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Conservation groups ask Maine court to order a stop or halt in Kennebec River dams operations

The injunction would force Brookfield Renewable Partners to shut down or limit operations during two key time periods related to Atlantic salmon migration.
Credit: NCM

AUGUSTA, Maine — Four Maine conservation groups are hoping a federal judge orders Brookfield Renewable Partners to shut down or limit operations at its four dams on the Kennebec River during two time periods coinciding with Atlantic salmon migration.

The Atlantic Salmon Federation, Conservation Law Foundation, Maine Rivers, and Natural Resources Council of Maine filed the motion for preliminary injunction in United States District Court Tuesday.

The groups are asking a judge to issue an injunction that would stop or slow the dam's operations from Oct. 15 through Dec. 31 and from April 1 through June 30.

In a release, the groups said the first, and current, time frame is when adult salmon migrate downstream to the Gulf of Maine after spawning. The spring and summer dates are when younger salmon migrate downstream for the first time.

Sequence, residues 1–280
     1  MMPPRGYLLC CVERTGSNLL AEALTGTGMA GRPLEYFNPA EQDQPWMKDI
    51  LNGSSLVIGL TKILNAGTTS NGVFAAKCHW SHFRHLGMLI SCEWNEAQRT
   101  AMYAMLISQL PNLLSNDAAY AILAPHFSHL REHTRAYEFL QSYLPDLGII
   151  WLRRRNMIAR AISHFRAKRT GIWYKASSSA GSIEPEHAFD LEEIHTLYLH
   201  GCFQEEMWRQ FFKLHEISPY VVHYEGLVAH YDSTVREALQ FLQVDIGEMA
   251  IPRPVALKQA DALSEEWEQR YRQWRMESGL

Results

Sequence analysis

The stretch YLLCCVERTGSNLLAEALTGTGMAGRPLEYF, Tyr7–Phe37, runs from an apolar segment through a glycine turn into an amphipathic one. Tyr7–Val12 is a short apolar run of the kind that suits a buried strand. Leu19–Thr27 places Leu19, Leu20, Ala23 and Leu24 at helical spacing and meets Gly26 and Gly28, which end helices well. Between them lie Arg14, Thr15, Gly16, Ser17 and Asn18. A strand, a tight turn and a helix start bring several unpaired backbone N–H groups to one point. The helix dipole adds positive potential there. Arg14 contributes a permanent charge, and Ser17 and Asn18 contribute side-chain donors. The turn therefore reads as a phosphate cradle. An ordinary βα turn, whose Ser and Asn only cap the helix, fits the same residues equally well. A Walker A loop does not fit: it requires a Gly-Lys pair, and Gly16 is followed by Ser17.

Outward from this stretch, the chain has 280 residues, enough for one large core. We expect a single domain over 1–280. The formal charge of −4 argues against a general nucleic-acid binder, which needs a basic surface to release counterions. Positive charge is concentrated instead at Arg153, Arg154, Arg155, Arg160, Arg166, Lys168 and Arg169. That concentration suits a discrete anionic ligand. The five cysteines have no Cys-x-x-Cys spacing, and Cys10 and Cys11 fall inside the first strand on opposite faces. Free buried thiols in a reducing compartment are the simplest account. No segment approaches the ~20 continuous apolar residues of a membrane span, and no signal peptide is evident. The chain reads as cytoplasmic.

The groups filed a lawsuit against Brookfield in September claiming the international company violated the Endangered Species Act. The Natural Resources Council of Maine has held a stance that the only way to restore the endangered Atlantic salmon population in Maine is by removing the four dams on the Kennebec River.

Credit: NCM

The removal of two dams between Waterville and Skowhegan was the focus of the Maine Department of Marine Resources (DMR) Kennebec River Management Plan. That plan was thrown out this year after Brookfield and stakeholder groups pointed out violations of certain legal issues in the rule-making process.

The Department has not yet updated that plan. The Shawmut dam in Fairfield is currently in its relicensing process, but that process could take years to be completed. 

Brookfield filed a complaint against the DMR and the Maine Department of Environmental Protection in Maine Superior Court last month. The complaint alleged the two departments breached the 1998 Kennebec Hydro Developments Group Agreement. 

A spokesperson for the company released a statement to NEWS CENTER Maine in response to the legal filing. 

"We are disappointed that these special interest groups have followed up their September 9 complaint with a new motion for preliminary injunction. This motion largely repeats the same claims," the statement read in part. "This litigation can only serve to delay existing regulatory processes and implementation of fish passage solutions."